In terms of the play-within-the-play, a wonderfully meta nod to the Shakespearean roots of the show, Richard took his own advice. Fully embodying the role of King Richard II, he was the first actor to don his Shakespearean costume. By becoming more than an actor, more than a man, he promptly became more than a king, proving one of the predominant themes of the show. References to his divine body, his covenant, and his representation of his people served to ridicule the relationship between political power and religion which has been consistently present throughout history, from the divine right of kings to swearing on the Bible. After he’s been dethroned, Richard’s incredulity manifests itself in this particular role: he assures himself that he will survive his fall because he is more than a king, he is a child of God.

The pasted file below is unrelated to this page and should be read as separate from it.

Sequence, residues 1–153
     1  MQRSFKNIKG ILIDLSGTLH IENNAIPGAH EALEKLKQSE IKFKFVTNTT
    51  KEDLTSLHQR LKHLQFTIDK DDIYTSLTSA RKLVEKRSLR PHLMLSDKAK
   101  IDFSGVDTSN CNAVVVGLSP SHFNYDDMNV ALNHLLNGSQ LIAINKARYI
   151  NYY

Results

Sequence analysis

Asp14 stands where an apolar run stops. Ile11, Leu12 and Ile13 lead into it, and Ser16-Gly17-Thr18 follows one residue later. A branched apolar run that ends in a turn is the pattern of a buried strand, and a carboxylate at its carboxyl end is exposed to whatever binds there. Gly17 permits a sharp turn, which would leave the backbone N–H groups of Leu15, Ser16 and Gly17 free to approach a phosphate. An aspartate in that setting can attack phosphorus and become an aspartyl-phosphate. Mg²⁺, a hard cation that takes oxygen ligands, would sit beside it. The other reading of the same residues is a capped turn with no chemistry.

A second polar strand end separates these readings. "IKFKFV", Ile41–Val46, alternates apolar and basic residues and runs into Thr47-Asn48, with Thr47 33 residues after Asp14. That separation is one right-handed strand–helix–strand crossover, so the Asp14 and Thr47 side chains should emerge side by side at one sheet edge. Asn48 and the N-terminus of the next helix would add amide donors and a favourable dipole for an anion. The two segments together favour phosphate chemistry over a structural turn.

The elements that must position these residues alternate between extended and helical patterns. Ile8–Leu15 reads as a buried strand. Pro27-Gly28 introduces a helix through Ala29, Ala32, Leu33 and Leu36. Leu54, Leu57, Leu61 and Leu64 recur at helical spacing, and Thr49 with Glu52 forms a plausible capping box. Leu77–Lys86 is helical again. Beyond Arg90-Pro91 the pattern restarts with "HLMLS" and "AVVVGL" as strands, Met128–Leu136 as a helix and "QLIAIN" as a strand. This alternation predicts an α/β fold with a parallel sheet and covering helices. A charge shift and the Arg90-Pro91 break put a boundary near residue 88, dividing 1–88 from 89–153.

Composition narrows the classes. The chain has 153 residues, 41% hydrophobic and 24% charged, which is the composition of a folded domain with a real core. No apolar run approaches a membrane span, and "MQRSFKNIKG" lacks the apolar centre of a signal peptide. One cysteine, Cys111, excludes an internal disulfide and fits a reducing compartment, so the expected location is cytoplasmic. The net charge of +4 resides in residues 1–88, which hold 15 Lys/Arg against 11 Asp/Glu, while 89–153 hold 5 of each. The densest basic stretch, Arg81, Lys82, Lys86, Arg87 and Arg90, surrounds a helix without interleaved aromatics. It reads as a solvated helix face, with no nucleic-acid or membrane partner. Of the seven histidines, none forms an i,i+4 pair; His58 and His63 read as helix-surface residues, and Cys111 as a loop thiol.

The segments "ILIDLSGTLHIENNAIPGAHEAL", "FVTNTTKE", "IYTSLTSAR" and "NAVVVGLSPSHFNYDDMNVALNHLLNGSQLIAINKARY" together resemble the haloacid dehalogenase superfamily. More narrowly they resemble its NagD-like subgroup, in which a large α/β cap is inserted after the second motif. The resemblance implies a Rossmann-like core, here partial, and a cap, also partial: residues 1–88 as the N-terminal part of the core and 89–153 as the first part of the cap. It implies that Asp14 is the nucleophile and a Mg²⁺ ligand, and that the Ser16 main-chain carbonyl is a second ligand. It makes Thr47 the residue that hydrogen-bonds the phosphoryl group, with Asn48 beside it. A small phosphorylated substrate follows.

In the meantime, there is an obvious sense of insecurity that comes with Richard’s character. Explicitly, he threatens violence when he senses rebellion, but internally, there is a struggle that threatens to break all structure by revealing his vulnerability. In his power and his glory he is isolated and for much of the play he is truly unreachable, living in his own mind. His grandeur often betrays him though, and it is in his most focused moments that we hear an obvious cry for help. Richard would appear on stage alone, speaking directly to the audience with persuasion and manipulation and what appeared to be the truth. He asked us to fix him, to be his friend. He told us that history would portray him, but that we would know the truth. He begged us, please, please, not to leave him, to believe in him. I wanted to. I wanted to think that I could trust him, just like we all want to think that we can trust the people who decide our laws and our lives; the alternative is too scary to contemplate. Inside, he must know what is right and what is wrong — everyone does.